This recently opened Dundas West shop represents a brick-and-mortar manifestation of the growing online ink–enthusiast community.
Just over a month ago, former school teacher Liz Chan and her husband Jon opened Wonder Pens, a highly specialized retail outlet devoted to pen, ink, and paper.
How they got started: “It all began when I got Liz her first fountain pen on a trip to New York,” says Jon. “She used it, she really liked it, and it became a hobby of both of ours. We found that we ordered a lot of our products from the U.S. and there weren’t too many options for us in Canada to pick up what we wanted, so we decided to take the plunge this year and create a business. We started off online in April and we had a lot of interest from the fountain-pen community. Believe it or not, there’s quite a community—there’s a lot of people who are interested in and dedicated to fountain pens as a hobby. We got a lot of traction that way, so we decided to launch a brick-and-mortar store.”
For Liz, the tactile nature of their product demanded the move from online to a storefront. “We always wanted to open a store,” she says. “It’s hard to buy a pen without trying it first—it’s nice to be able to see the inks and see the colours.”
Working as a shopkeeper has also provided Liz with a welcome respite from the demands of her previous job. “Compared to running a classroom, this is a really peaceful job,” she says. “It’s sometimes a little stressful, but not compared to having 30 adolescents looking at you. There’s something nostalgic about running a little shop like this.”
The neighbourhood: Many of Wonder Pens’ customers are already fountain-pen enthusiasts who come to the shop from all corners of the city. However, the shop’s Dundas West locale has helped expose them to many new potential clients. “This neighbourhood ended up being a really good fit for us,” says Liz, “or the other way around. There are a lot of very creative people here who can appreciate something that’s handwritten or that takes a little bit more time. There’s a big streak of independent shops here, which is really nice, and the businesses here have been really supportive. There have been times when people have come in and bought a fountain pen and ask to fill it up here because they’re just going next door to sit in the coffee shop.”
The enduring appeal of pen and paper: “Technology is so convenient and so pervasive that you can’t avoid it,” says Liz. “I think the renewed interest [in fountain pens] comes from being able to take a pause from that and step back. It’s not that all of a sudden a fountain pen and a notebook are going to replace writing your emails but I think, because technology is so instant and so easy, being able to write something has so much more meaning. Writing a letter is so much more significant, because it’s so easy to just text sometimes.”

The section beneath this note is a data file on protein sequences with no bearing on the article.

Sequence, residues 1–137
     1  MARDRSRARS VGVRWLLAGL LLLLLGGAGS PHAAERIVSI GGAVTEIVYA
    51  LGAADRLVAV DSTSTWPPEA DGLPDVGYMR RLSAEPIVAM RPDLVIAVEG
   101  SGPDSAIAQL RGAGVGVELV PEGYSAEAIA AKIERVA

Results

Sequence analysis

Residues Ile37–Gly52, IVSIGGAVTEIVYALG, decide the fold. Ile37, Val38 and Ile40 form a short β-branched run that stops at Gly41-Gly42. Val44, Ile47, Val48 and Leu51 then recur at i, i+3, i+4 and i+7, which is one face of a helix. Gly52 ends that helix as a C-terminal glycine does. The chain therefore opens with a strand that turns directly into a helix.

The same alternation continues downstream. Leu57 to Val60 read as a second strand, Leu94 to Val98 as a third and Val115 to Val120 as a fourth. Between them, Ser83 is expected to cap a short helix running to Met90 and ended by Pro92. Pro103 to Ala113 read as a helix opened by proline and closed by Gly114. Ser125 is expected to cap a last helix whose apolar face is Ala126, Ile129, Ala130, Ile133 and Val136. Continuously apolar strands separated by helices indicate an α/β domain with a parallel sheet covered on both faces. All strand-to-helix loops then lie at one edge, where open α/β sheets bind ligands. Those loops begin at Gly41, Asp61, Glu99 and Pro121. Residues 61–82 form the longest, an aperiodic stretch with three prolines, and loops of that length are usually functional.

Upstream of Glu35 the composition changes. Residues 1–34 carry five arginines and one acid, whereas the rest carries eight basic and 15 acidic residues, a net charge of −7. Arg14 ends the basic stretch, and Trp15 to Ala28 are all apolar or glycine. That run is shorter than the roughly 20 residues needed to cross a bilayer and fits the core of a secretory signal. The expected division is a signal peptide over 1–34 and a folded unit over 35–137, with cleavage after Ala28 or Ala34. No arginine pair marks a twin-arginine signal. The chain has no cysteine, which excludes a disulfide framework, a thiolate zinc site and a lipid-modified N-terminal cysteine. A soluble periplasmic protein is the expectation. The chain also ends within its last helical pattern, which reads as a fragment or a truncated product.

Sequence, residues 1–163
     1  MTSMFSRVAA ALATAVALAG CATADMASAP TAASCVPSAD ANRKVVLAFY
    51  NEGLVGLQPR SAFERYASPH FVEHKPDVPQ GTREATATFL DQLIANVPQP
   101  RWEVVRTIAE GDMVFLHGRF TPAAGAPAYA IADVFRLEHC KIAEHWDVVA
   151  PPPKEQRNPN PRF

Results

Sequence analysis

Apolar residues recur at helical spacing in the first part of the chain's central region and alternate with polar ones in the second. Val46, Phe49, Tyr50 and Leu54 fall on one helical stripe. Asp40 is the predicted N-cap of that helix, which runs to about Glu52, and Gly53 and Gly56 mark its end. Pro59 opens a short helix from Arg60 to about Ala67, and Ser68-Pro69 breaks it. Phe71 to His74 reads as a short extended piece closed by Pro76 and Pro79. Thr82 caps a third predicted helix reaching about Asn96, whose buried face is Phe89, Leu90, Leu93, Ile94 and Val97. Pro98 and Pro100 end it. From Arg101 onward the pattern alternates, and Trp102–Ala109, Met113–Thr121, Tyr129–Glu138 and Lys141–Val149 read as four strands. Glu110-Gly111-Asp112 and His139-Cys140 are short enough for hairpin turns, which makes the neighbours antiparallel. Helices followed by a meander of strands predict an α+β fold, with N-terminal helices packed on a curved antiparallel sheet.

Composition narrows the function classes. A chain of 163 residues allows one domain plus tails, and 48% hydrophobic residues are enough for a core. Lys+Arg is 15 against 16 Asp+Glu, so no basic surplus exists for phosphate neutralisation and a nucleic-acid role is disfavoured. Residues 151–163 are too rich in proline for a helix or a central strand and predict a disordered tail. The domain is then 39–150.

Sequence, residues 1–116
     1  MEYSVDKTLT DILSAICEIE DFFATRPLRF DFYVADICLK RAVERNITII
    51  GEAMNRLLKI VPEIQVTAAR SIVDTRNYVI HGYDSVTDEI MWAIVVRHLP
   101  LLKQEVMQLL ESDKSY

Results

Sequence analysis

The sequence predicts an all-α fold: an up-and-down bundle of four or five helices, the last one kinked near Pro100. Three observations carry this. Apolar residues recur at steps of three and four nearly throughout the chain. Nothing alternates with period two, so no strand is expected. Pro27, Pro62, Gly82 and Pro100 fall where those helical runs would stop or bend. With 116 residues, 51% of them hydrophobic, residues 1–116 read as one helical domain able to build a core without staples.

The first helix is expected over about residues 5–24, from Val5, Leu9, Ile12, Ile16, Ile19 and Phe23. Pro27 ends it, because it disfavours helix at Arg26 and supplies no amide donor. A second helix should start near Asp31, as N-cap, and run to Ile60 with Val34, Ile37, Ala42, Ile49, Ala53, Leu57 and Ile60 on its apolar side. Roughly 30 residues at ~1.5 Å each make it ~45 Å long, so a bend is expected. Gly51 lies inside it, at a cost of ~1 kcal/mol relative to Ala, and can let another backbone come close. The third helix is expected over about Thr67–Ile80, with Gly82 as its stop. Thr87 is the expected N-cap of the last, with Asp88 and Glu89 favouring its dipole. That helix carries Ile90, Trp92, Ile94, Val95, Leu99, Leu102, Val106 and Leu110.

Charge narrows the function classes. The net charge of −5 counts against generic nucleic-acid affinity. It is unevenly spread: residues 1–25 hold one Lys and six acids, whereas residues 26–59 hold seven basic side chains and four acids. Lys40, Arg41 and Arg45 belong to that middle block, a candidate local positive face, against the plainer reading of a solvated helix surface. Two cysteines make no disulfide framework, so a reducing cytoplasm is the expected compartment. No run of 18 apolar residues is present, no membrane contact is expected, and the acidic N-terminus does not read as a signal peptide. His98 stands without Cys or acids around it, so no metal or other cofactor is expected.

One task, not easily replicable on a computer, is especially enjoyable for Liz. “There’s nothing as satisfying as crossing something off your to-do list—you can’t really do that with your computer.”
Maintenance tips: For many, the appeal of a fountain pen is in its reusability. “A lot of our pens take either disposable cartridges or use bottled ink,” Liz says. “A lot of people would rather use the bottled ink, rather than continuing to toss out those little plastic cartridges.”
A fountain pen, however, does require a little upkeep. “You can get a disposable ballpoint,” says Liz, “and there’s zero maintenance at all, but I don’t think a fountain pen has as much maintenance as you might be worried about. I’ve heard of people using their fountain pens for years and years and never having to clean them once, because they’re using it every day and the ink is continually flowing. It’s when you’ve left it to dry that it gets clogged, and then the maintenance issue comes up and it seems like more of a hassle. If you use it regularly, you don’t have to worry as much about it.”
Fountain-heads: One might be surprised to learn that there is a highly engaged internet community devoted to fountain pens. “That’s putting it lightly,” says Liz. “There are definitely people who are really into their pens and their inks and their papers. But if that’s their thing, that’s great for them. You can go on all these forums and see people who look at and compare the subtle differences between the different shades of black, the drying time, and things like that. There are a lot of subtle differences, but if you’re just looking for a pen and a bottle of blue ink, you’re fine, too.”
Within this community are many collectors. “The Lamy Safari is definitely its own breed when it comes to collecting because they put out so many limited editions. We definitely have people who come in just to get the limited editions to add to their collections. But we don’t sell vintage pens and I think a lot of the really hardcore collectors may be going on eBay for the very valuable collector’s items. We’re aiming more for a market where you’re going to use your pen and you’re going to use it every day without being scared of damaging it or scratching it. We’re trying to sell something that people are going to use every day as an extension of themselves.”
Someone looking to buy a fountain pen for day-to-day use doesn’t necessarily need to spend a great deal of money. Says Liz, “I think if you’re looking for a good pen that will last you a good amount of time—20, 30, even 40 years—you could spend around $40 or $50 and be fine. Oftentimes, people will start to buy more pens and more inks and that’s where it starts adding up. That’s not always necessary, though. There are people who can buy one Safari and that Safari will last them as long as they need. For people who are brand new to fountain pens, we’re selling a lot of seven dollar Jinhao fountain pens, and that’s cool, because they can walk out of here with a fountain pen and a bottle of ink for $20 and be good to go.”
Wonder Pens, 906 Dundas St. W.